Federal environmental officials apologized to Ringwood, NJ residents Tuesday night for not divulging sooner the discovery of another dangerous chemical at the Superfund site where Ford Motor Co. dumped paint sludge decades ago, but they maintained it poses no imminent health threat.
The Record’s Scott Fallon reports:
At a tense meeting attended by almost 200 people — so many they couldn’t all fit in the room at Borough Hall — Environmental Protection Agency officials admitted they should not have waited three months to inform the community of the presence of the chemical, 1,4-dioxane, at concentrations in groundwater almost 100 times the state standard.
But EPA officials said it was unlikely that the chemical’s discovery would halt a controversial plan that would leave hundreds of thousands of tons of contamination under a protective barrier rather than having it dug out and removed, as several community members pushed for Tuesday night.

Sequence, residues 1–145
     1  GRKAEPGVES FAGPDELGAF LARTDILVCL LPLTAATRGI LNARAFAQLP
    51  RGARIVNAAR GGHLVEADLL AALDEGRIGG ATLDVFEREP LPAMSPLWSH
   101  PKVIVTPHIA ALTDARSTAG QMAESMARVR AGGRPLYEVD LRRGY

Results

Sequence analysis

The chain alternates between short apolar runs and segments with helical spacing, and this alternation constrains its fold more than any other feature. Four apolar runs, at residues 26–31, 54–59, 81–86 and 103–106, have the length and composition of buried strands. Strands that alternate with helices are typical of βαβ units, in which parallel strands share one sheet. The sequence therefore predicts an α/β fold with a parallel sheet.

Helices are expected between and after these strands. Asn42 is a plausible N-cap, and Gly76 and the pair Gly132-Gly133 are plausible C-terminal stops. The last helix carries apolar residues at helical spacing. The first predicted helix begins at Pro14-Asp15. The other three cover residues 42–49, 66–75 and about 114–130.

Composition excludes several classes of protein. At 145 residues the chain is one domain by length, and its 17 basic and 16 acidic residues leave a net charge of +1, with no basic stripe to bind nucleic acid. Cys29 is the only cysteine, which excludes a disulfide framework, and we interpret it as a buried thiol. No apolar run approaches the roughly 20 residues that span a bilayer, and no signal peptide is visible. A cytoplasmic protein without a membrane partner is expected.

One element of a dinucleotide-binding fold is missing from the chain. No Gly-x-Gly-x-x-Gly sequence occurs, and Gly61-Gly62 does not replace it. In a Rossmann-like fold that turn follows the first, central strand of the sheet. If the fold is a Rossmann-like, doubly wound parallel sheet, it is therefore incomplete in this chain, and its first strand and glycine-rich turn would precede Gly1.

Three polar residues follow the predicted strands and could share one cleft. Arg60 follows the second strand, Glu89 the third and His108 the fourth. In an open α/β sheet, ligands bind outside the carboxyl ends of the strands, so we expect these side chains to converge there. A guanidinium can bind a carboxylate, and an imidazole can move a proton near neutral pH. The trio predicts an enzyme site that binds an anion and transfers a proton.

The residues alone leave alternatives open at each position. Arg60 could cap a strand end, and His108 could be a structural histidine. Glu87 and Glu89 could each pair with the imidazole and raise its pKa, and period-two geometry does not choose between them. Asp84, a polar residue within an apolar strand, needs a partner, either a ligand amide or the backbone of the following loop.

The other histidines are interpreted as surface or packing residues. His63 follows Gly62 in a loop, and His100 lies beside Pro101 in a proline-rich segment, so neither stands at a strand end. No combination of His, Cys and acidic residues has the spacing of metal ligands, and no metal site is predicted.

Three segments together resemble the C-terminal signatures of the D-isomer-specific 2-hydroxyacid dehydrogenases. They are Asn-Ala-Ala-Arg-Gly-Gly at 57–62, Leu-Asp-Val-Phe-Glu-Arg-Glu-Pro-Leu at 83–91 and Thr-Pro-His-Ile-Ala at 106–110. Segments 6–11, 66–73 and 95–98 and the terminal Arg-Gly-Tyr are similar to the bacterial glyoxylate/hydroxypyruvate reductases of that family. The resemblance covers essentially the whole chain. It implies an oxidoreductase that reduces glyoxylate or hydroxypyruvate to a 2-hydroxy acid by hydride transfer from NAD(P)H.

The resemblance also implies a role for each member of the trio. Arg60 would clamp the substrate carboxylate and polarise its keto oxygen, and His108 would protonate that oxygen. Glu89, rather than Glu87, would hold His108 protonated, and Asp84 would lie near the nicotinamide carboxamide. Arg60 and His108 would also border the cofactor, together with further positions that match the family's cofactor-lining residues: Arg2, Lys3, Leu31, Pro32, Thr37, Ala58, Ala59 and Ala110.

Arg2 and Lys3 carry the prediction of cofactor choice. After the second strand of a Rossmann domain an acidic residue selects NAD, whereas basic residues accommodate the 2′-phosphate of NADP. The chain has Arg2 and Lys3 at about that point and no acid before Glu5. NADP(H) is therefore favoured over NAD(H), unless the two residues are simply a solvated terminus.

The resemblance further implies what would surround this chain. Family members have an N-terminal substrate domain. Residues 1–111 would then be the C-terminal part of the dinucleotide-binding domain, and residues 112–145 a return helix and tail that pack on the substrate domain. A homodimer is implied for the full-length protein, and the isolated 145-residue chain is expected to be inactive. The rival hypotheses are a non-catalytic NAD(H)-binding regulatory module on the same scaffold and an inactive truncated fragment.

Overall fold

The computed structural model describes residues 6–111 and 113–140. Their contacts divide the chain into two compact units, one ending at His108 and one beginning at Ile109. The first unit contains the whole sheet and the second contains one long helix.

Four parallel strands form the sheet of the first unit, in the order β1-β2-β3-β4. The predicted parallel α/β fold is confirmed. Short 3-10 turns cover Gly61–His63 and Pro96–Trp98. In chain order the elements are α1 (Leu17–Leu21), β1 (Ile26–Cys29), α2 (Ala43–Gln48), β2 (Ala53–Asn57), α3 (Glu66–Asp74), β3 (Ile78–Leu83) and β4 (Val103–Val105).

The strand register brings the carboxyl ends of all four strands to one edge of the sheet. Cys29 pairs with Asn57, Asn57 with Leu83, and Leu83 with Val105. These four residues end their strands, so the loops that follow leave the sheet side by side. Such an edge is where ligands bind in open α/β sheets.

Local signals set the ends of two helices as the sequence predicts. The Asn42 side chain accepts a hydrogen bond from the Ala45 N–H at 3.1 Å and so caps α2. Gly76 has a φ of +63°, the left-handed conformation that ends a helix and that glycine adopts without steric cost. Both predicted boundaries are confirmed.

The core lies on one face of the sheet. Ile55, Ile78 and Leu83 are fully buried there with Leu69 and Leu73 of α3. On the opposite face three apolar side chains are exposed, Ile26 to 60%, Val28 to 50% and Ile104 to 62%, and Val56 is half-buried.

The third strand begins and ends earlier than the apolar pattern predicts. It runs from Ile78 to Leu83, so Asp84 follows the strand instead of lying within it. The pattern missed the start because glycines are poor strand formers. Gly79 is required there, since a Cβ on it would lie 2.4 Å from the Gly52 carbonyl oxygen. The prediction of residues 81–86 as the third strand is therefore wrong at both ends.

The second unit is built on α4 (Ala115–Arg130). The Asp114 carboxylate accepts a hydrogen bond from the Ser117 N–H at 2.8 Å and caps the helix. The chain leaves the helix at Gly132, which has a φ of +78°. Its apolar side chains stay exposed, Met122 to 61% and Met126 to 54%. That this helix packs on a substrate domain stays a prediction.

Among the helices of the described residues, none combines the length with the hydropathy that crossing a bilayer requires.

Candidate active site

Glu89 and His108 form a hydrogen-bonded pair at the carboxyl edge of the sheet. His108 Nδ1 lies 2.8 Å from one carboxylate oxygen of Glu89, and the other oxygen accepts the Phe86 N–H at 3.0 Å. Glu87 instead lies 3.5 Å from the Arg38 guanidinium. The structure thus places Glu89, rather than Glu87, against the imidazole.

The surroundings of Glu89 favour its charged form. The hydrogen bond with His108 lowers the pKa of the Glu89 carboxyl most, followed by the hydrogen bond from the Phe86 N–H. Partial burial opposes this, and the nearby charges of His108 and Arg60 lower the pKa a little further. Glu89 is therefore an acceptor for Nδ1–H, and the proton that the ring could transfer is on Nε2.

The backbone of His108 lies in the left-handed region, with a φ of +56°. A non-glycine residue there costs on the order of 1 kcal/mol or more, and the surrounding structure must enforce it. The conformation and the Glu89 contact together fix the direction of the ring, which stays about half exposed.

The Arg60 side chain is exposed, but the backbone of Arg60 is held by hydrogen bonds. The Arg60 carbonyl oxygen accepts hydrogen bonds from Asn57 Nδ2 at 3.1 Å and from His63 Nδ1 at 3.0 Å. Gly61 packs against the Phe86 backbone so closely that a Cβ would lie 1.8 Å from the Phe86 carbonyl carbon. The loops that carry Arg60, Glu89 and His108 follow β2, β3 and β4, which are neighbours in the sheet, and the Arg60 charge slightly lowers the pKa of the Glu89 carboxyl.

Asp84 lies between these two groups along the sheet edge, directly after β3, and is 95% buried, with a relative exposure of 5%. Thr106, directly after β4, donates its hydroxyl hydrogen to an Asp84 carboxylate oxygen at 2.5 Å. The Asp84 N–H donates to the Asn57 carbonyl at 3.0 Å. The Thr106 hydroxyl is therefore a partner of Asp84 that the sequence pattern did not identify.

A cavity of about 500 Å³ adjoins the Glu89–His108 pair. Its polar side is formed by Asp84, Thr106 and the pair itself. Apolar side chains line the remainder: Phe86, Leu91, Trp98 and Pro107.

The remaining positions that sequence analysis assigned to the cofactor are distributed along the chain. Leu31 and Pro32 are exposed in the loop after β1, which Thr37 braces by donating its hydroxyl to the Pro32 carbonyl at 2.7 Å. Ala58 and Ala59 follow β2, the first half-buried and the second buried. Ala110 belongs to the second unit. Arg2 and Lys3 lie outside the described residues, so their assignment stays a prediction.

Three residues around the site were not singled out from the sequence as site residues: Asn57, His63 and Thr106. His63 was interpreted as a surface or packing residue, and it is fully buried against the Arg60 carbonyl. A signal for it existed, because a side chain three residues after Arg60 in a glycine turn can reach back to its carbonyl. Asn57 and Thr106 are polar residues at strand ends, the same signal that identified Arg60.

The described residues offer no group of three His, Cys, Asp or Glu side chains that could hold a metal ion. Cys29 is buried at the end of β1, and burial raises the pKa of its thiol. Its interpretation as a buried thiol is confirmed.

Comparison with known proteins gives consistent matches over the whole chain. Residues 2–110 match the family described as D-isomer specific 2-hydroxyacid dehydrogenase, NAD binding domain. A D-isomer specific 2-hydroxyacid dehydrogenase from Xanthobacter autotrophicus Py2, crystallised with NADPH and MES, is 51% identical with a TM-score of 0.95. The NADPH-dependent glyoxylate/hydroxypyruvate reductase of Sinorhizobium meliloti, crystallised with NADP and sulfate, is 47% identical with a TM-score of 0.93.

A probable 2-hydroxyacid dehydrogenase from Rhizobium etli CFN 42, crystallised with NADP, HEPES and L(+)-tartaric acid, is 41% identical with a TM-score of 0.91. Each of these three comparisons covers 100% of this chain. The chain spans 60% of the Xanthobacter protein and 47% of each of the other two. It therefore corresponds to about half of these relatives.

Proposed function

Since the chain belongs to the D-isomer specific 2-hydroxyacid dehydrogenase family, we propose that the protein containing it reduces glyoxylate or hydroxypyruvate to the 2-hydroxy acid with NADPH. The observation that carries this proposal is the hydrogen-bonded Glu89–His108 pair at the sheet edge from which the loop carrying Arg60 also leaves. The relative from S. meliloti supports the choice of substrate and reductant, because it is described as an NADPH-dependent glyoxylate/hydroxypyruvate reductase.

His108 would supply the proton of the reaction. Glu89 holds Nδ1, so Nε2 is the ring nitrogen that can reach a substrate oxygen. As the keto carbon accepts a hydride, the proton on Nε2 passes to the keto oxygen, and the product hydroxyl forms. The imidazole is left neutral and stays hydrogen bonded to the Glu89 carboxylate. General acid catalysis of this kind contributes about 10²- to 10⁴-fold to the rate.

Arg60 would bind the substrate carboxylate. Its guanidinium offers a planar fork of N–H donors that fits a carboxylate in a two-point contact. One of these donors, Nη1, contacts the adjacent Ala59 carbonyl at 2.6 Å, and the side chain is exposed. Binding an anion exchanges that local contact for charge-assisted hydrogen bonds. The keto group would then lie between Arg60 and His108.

“The data doesn’t indicate that it needs to be changed,” said Joe Gowers, the EPA project manager for the site.
He said work on the barrier may begin as early as next year. The agency is still developing a cleanup plan for the contaminated groundwater flowing under the site, but residents said it was premature to install the barrier before that was done.
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